For my boat and any sedan style or express style also double cabins I guess, backing in makes the access to the dock convenient.* If they are floating docks you walk right out the tramson door and step off the swim platform.* If it is along side, usually the lowest part of the hull is at the stern.* It makes it allot easier loading groceries and other things onto the boat.* Also, in some marinas like Hampton VA Public Piers the finger piers are so short.* We have great visibility backing in and seldom pull in.* My single screw (no bow thruster) europa style trawler was back in for the same reasons.

*
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Old 01-13-2011, 03:35 PM   #9
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RE: Porta Bote

Thanks, Don, for making the world make more sense to me.*
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Old 01-13-2011, 04:45 PM   #10
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Porta Bote

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markpierce wrote:

Why do some people like to back into their berths?* I find I have less property damage if I drive the car forward into the garage rather than backing in even without*having to deal wind and current.
If you look at the photo, there's no good way to get on or off my boat unless it's stern in.* All the boats at my marina back in.* Occasionally a dry stack boat will dock bow in because this is the first time they docked and they don't realize the problem they will have getting on and off the boat.

Since we spend a lot of time at the marina and on the boat without taking it out, stern in is very important.

*


-- Edited by rwidman on Thursday 13th of January 2011 05:46:00 PM

-- Edited by rwidman on Thursday 13th of January 2011 05:47:05 PM
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Old 01-13-2011, 04:51 PM   #11
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RE: Porta Bote

If you tow yours like we tow ours (described above), you ignore it.* It's made of plastic and when it bumps into the hull doesn't hurt anything, unless you back it into the dock, of course in which you need new thwarts.* If you want to, run the lead to a side cleat before backing down.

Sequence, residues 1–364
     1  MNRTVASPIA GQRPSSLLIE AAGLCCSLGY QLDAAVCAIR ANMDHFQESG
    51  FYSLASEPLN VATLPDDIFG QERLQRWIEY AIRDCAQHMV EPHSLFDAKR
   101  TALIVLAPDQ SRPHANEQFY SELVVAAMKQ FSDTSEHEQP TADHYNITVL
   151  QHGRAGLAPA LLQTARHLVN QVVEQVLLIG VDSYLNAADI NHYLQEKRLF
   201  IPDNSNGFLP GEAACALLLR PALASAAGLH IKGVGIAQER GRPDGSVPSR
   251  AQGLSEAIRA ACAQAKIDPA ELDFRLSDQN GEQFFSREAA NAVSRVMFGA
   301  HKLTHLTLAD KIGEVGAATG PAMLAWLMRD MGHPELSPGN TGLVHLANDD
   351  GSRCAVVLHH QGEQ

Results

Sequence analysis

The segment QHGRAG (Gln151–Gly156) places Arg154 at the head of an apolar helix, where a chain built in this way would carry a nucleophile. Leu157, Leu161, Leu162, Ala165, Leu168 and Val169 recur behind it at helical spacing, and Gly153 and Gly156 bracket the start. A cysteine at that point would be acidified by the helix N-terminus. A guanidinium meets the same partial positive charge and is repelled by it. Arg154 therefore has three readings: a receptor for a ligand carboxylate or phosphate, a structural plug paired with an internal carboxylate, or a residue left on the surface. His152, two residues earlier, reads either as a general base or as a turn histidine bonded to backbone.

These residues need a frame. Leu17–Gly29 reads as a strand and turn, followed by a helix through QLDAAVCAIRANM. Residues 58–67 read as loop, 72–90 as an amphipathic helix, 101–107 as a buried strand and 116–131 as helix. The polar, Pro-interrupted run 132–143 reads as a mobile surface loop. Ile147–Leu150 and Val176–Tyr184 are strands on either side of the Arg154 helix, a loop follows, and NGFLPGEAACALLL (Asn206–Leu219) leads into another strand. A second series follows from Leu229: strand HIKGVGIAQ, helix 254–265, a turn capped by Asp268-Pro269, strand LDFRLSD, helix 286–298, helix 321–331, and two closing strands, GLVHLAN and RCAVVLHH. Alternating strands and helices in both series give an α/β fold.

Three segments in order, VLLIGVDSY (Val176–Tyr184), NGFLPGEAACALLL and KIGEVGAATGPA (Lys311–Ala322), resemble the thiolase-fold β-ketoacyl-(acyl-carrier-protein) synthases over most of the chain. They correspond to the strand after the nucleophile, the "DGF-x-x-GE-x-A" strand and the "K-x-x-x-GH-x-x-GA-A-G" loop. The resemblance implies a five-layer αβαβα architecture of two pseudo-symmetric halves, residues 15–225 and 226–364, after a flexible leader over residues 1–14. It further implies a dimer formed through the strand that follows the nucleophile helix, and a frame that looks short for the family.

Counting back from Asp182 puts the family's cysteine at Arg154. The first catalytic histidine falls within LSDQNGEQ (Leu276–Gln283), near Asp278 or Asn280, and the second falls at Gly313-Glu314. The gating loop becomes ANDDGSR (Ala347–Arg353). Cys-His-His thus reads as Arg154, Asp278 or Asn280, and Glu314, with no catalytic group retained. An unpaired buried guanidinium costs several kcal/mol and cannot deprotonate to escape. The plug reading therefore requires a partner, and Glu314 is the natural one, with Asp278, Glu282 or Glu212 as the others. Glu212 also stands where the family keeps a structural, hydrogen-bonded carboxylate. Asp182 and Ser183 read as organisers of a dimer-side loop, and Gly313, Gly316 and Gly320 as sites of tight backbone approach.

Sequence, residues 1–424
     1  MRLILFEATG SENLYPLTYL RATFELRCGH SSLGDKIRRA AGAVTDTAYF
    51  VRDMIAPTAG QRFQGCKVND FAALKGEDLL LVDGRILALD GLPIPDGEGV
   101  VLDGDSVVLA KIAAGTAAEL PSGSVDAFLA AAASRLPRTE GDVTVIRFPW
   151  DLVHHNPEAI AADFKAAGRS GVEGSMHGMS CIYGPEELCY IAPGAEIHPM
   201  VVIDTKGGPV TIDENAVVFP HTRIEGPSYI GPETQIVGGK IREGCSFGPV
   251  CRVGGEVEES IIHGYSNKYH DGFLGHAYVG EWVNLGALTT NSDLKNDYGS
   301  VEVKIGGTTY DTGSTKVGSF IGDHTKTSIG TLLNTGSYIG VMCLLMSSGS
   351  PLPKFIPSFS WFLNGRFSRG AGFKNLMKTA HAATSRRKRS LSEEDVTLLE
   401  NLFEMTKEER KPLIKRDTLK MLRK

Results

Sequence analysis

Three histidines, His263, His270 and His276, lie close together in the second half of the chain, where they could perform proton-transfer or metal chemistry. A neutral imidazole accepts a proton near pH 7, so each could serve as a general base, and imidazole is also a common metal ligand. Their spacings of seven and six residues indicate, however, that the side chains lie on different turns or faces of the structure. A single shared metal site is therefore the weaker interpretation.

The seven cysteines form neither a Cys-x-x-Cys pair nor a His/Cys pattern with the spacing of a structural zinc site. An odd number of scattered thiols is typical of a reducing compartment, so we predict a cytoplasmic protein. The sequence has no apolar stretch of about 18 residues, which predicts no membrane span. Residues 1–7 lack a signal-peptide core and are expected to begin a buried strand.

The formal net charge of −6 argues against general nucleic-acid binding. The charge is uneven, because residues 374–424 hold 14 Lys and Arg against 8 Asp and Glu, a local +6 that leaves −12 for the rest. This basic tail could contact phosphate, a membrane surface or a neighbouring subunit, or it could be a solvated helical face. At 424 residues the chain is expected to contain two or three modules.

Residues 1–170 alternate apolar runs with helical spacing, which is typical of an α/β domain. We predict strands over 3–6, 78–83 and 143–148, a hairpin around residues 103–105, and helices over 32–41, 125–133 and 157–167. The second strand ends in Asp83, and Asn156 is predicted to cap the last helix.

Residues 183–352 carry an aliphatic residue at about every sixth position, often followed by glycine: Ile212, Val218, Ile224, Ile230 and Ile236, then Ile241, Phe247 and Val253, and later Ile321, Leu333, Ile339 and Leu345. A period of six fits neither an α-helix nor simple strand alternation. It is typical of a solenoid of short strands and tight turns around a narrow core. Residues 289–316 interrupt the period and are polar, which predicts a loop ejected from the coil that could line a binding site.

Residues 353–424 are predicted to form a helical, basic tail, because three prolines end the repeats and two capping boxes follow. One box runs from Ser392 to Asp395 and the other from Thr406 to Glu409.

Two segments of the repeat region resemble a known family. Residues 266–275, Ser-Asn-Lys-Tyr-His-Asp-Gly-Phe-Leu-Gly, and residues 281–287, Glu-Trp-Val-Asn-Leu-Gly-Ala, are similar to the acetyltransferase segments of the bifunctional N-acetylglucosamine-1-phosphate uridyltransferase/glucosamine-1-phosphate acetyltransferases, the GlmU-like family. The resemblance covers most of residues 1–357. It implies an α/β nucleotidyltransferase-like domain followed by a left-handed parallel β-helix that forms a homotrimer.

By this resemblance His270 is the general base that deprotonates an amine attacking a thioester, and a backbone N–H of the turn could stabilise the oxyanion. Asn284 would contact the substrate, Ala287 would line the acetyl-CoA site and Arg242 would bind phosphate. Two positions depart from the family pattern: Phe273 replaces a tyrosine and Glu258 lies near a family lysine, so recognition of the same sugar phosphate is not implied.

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Old 02-21-2011, 07:55 AM   #12
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RE: Porta Bote

We are considering the porta-bote to be used as dinghy. We would prefer to keep it assembled and tipped on the swim deck. In measuring our swim deck we can handle a 10 ft. Is there any easy davit system or method to tip it up without damaging the wooden swim deck? Likewise we have wood toe and handrails (way too much teak in my opinion) that need some protection? Any ideas? We are so grateful for all the advice offered in this forum.
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Old 02-21-2011, 10:16 AM   #13
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RE: Porta Bote

Quote:
rusbet wrote:

We are considering the porta-bote to be used as dinghy. We would prefer to keep it assembled and tipped on the swim deck. In measuring our swim deck we can handle a 10 ft. Is there any easy davit system or method to tip it up without damaging the wooden swim deck? Likewise we have wood toe and handrails (way too much teak in my opinion) that need some protection? Any ideas? We are so grateful for all the advice offered in this forum.
I have to ask. Why would you buy a Porta Boat if your intention is to leave it assembled on the swim step? IMHO there is not an uglier dinghy available. Sorry!! If you had need to fold it and put it on deck, then I might forgive you, but... *

*
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Old 02-21-2011, 11:26 AM   #14
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RE: Porta Bote

Carey,
In the navy sailors used to paint boats while standing on a raft that does look like it's related to the Bull Frog.
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Old 02-21-2011, 11:56 AM   #15
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RE: Porta Bote

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nomadwilly wrote:

Carey,
In the navy sailors used to paint boats while standing on a raft that does look like it's related to the Bull Frog.
Especially my gray Bullfrog.*

*
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Old 02-21-2011, 12:15 PM   #16
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RE: Porta Bote

Quote:
rusbet wrote:

We are considering the porta-bote to be used as dinghy.
Why?* Porta-botes are, or used to be, popular with floatplane pilots because folded up they could be lashed to the float struts (in the states where this was legal) and used for fishing or whatever when you landed.